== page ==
Lately, when I think about killing myself, I try to remember Brazil.
I recently went on a week-long trip to the beautiful sea-side country, and although it was technically for work, I was able to experience plenty of amazing moments — moments I try to remember when I think about ending my life.
I try to remind myself that it was such an unexpected trip that came up out of the blue, and it was so incredible and magnificent, and if I had killed myself a few months ago like I wanted to, back when the pain was particularly bad, then I would have missed out on the whole thing. I would have never made it to Brazil.
From there, I try to remember that the rest of my life is still filled with so many incredible possibilities and ending it now would be a mistake.
These days, though, I’ve had to remind myself about Brazil more often than I’d like.
I just got back from a much anticipated visit to the (in)famous Mayo Clinic in Rochester, Minnesota.
It’s supposed to be THE place to go when you have things like excruciating random rib pain that you wake up with one day for no apparent reason. It’s supposed to be the hospital that puts all other hospitals to shame. The one that can diagnose the undiagnosable and cure the incurable. The very mecca of the chronically sick.
Except for me. Aside from the pretty buildings and the fancy tour guide facts on the shuttle bus ride between the hotel and the clinic, it ended up being pretty much just like any other doctor’s visit.
Which is exactly what I was afraid of.
I mean, sure, the doctor was nice enough. A strong Italian woman, she had the kind of fierce personality I often wish I could muster. With her relatively thick accent, she went over my medical history with a strikingly straightforward approach, saying things like, “Oh yes, you are on the Amitriptyline. It’s makes you fat.”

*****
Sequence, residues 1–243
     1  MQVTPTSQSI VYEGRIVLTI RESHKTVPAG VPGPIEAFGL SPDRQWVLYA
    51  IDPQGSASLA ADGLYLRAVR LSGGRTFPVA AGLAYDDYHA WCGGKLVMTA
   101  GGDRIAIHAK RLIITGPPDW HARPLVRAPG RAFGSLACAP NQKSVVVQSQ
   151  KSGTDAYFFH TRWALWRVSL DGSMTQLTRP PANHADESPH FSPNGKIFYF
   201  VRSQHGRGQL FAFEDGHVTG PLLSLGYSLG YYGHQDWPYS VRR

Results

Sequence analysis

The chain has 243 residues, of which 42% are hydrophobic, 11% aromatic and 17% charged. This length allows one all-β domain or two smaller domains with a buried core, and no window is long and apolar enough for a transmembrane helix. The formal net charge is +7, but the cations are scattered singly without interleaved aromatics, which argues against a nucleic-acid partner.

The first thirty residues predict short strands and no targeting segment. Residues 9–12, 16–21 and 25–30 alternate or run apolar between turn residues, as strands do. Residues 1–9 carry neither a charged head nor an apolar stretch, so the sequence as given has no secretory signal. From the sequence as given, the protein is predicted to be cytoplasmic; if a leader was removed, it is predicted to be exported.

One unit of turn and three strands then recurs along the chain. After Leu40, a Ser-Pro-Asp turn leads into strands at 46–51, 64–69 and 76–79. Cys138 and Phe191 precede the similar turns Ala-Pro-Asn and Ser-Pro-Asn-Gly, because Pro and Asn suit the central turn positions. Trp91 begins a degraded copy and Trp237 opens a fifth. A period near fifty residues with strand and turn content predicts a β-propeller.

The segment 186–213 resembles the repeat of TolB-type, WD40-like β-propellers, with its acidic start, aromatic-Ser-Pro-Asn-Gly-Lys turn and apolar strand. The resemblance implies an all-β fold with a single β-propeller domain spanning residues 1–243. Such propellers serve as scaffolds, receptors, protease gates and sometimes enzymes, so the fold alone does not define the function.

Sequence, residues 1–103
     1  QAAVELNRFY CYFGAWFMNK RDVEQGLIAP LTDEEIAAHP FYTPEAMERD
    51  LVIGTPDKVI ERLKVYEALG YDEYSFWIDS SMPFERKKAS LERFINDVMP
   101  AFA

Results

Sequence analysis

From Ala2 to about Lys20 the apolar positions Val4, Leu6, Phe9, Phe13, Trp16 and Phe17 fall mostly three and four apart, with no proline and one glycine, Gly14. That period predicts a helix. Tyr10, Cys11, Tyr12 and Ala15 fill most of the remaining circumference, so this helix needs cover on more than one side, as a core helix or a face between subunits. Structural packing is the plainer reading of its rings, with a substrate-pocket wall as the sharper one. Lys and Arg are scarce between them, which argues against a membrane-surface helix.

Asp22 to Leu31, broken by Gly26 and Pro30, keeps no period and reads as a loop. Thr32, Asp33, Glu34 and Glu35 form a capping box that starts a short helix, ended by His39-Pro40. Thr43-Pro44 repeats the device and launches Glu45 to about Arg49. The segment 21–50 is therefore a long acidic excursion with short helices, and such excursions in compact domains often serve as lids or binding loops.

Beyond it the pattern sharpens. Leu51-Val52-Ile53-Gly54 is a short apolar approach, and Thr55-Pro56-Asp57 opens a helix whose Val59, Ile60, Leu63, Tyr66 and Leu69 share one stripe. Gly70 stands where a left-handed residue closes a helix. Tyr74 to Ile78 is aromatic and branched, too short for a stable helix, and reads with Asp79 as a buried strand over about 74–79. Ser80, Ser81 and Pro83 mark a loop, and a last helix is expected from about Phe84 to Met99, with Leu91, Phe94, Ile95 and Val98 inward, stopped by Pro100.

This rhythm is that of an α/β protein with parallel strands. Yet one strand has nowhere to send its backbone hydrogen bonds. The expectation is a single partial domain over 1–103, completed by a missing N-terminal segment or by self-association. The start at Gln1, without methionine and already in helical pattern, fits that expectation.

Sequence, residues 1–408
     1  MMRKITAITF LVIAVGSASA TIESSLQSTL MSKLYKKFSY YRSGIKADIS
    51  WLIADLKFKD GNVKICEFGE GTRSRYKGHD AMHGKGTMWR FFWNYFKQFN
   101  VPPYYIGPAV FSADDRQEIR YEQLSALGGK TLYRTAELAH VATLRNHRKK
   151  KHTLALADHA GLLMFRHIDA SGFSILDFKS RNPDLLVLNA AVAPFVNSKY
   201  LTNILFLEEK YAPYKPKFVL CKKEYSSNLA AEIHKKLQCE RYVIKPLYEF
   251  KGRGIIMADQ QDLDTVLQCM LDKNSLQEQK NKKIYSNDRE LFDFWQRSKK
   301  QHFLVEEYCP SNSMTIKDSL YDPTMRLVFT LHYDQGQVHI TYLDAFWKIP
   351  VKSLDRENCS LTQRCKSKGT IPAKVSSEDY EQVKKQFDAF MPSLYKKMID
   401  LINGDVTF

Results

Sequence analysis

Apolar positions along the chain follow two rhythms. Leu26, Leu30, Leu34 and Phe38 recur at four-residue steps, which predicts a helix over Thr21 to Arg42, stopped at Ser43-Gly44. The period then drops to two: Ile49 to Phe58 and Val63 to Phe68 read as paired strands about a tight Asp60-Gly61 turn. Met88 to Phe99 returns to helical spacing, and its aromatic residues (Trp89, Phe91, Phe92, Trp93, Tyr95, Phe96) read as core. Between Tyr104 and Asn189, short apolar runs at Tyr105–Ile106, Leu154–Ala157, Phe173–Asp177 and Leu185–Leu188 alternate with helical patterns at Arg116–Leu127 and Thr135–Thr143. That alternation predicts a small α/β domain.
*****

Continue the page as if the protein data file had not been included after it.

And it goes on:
Oddly, that comment was among her more comforting words. I mean, at least she didn’t think it was because I was just a lazy slob, like everyone else did.
But, as we started to talk about the nitty gritty, I quickly realized that she wasn’t going to dig very deep into my pain. And in fact, she was just going to do what all the other doctors before her had done.
She concluded that she thought the pain was probably intercostal neuralgia, even though I’ve already had a test to show that it’s probably not intercostal neuralgia.
Then, she said the same thing all the doctors say, “We don’t know what caused it. We’ll probably never know what caused it. And we don’t know exactly how to cure it, but if we throw a bunch of different treatments at it, maybe something will work.”
After that, she sent me off for two days of peripheral nerve tests that had almost nothing to do with my pain — one of which literally electrocuted me for three minutes straight. Another burned the top of my left foot to test my pain tolerance. All of them came back normal.
In the end, her best piece of medical advice seemed to be to take off work and attend a three-week, outpatient pain clinic — which just made me feel like she had run out of ideas and was shipping me off to the place people go when they’ll never be cured. Also, who the heck can just take three weeks off work?